Whether it’s a delay on the first leg of a connecting flight, buffering on iPlayer, or a weak signal during a train journey, nobody likes it when a connection fails. We live in a world of instant gratification and downtime (even seconds) frustrates us all.
That’s especially true for organisations that have migrated their applications and workloads to the cloud. A study by Netwrix determined that, on average, companies have 41% of their workloads in the cloud and plan to reach 54% by the end of 2023. What’s more, Flexera found that 89% of businesses using cloud storage embrace a multi-cloud strategy, and 80% of those organisations take a hybrid approach. Cloud strategies are becoming more popular, flexible and complex than ever.
Growth in cloud migration continues to accelerate
While cloud migration has steadily grown over the years, since 2020, businesses have had to ensure that their entire workforce can operate seamlessly from any environment. This shift has put digital and cloud transformation firmly on the map and unlocked new business opportunities for organisations. But migration to the cloud means our approach to deploying applications and services has radically changed, and flexible working means users have moved away from traditional offices and branches.
As cloud adoption continues to accelerate, many businesses unintentionally overcomplicate their connectivity. They try to get high-speed, point-to-point circuits into their facilities, which is quickly becoming an old way of thinking. They underrate their connections’ reliability, underestimate the bandwidth they require, and overlook the need for security in an evolving work-from-anywhere environment.
Complexity in cloud connectivity comes from the combination of technology solutions and the number of providers needed to get to the cloud venue, especially from a remote location. Yet, simplifying it is much easier than most organisations realise — and can save time, money, and headaches both now and in the future.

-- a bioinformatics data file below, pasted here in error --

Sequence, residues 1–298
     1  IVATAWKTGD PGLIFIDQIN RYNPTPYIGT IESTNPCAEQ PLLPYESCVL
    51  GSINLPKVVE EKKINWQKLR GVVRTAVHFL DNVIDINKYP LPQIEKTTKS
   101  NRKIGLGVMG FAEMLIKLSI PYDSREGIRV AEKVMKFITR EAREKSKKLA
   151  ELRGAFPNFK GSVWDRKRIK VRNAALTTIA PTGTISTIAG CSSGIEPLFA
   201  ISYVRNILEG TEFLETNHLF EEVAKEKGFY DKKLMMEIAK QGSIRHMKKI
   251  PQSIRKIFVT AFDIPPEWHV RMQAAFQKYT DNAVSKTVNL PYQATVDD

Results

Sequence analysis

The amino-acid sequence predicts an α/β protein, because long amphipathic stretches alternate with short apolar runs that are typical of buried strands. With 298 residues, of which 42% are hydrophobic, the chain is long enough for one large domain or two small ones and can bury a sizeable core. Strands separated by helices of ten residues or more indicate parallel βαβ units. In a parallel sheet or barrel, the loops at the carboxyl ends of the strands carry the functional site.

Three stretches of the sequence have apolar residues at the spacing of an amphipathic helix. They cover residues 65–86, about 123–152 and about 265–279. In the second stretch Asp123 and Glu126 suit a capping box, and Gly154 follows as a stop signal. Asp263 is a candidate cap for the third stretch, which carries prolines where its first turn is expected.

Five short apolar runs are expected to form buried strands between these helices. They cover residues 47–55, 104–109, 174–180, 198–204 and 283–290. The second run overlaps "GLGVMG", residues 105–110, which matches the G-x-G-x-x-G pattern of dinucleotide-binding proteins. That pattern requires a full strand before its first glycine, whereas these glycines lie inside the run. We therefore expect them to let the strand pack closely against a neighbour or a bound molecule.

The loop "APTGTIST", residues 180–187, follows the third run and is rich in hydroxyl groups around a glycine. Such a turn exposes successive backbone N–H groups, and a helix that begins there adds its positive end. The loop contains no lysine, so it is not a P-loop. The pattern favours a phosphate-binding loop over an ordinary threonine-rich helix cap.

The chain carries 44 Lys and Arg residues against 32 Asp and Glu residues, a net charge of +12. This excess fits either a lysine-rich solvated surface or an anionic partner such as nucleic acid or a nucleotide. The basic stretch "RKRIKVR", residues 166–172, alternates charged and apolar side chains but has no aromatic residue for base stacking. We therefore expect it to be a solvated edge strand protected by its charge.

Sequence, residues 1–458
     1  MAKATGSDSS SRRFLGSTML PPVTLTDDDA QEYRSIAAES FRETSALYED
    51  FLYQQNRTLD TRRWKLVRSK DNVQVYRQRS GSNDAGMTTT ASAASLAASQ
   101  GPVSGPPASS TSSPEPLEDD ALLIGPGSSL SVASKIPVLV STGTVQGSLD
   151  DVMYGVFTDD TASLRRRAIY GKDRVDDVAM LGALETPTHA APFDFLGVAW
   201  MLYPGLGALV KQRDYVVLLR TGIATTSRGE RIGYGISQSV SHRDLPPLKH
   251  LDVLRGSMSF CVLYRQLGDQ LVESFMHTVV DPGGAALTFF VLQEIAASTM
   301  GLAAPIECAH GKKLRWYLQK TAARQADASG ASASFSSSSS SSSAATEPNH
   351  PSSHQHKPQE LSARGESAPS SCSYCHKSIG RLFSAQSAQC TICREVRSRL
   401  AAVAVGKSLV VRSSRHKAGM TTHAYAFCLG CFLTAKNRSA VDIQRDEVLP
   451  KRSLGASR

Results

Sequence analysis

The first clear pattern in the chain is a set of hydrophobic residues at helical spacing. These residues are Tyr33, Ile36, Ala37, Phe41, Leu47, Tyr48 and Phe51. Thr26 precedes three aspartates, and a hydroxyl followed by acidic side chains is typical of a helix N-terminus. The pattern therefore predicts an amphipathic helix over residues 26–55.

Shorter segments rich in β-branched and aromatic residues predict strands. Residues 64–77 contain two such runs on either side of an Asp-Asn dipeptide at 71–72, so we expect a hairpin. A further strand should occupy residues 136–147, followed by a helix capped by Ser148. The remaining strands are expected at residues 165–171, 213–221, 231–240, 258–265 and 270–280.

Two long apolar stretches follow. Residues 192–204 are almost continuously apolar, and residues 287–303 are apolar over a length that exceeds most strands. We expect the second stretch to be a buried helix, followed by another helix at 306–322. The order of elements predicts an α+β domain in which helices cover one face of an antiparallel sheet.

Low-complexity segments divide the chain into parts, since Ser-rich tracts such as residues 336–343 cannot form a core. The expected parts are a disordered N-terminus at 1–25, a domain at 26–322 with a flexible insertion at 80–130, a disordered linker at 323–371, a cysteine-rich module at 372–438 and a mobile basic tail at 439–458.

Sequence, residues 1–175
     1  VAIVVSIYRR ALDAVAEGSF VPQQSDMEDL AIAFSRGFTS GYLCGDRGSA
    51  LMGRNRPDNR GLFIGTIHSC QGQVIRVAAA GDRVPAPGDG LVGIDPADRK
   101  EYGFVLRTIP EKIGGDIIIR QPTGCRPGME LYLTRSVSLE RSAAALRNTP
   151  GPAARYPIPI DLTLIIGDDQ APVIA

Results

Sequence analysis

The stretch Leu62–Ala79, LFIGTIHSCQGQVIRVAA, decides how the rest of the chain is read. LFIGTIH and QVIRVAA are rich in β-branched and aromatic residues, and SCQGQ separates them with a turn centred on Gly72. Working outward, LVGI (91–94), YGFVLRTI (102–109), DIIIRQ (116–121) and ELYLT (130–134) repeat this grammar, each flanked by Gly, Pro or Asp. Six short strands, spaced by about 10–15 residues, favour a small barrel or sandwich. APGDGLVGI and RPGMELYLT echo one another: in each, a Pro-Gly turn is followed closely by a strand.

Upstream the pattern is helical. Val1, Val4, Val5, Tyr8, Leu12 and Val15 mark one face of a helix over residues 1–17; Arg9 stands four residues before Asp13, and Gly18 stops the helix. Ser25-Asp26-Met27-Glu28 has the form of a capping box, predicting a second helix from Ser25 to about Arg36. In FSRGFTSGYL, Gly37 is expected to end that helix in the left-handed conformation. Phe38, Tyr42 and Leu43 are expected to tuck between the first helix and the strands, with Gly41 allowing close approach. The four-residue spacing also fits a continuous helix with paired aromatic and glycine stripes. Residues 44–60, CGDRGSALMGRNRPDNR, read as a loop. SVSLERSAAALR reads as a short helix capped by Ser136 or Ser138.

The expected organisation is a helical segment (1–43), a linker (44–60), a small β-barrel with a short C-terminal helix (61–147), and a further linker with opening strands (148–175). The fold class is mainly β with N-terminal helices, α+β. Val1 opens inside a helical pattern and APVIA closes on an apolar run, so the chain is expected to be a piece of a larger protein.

As technology evolves so do connectivity requirements
Anyone who tried to join a Zoom meeting at the height of the pandemic while their children attended online schooling learned that bandwidth isn’t infinite. But connectivity issues aren’t just limited to the home; local network infrastructure also faces a massive strain with more people logging on from different locations.
Some find it difficult to connect to networks at the bandwidth they require. The good news is now more than 40 per cent of UK homes can access full-fibre broadband connections and Ofcom says the rollout of new connections is continuing “at record pace”. In its annual Connected Nations report, Ofcom states that full-fibre connections are now available to 12.4 million households, an increase of 4.3 million from last year.
In its last manifesto, the Conservative Party promised to install full-fibre, gigabit-capable broadband in every home and business across the UK by 2025, however it recently downgraded this to 85%. Despite this, the UK is making good progress towards having a fully connected population. This is a strong positive for accessibility and inclusion, but it puts pressure on employers to ensure their network connectivity can support the stability, security and speed requirements of a hybrid workforce.
SD-WAN: strengthen, accelerate, and secure connections
Unstable connections can affect all employees — not just those working remotely. One solution is to implement a software-defined wide area network (SD-WAN), which can be used to strengthen, accelerate, and secure connections to multiple clouds, including those hosting important data, email servers, and software-as-a-service (SaaS) applications. But not everyone has learned about SD-WAN’s benefits. And if they have, they may not have the ability or resources to manage that type of network.
Any organisation that wants to make that move can also find challenges in the infrastructure. You need to have your network and hardware in place before SD-WAN can be overlaid. Once it is, you must configure your connectivity and your cloud so they can talk to what you have on premises. If that’s not done properly, outages can happen, and any traffic routed over the internet won’t be secure.
Forty-one percent of respondents to the Netwrix study said their biggest obstacle in turning to the cloud was integrating their existing IT environment, and 48% of those surveyed by Flexera said assessing the technical feasibility of migration to the cloud is a top challenge. As technology evolves and computing power shifts, organisations don’t want to be left behind.
Why connectivity is firmly on the CIO’s radar
Reliable connectivity, effectively-integrated cloud computing and a continuous focus on security as networks expand are all aspects that every CIO, from the largest company to the smallest, must have on their radar. They may not think about connectivity before workloads move to the cloud, but they will when data starts moving. But as outlined above, by working with the right provider, cloud connectivity doesn’t have to be complicated or costly.
Ultimately every missed connection is a missed opportunity. Improving business efficiency by embracing the cloud will be critical, especially in today’s economic climate. However, it is also critically important that organisations combine their new-found scalability with secure connectivity to see the true benefits. CIOs must ensure that a robust connectivity strategy is a core part of their digital transformation strategy – both now and in the future.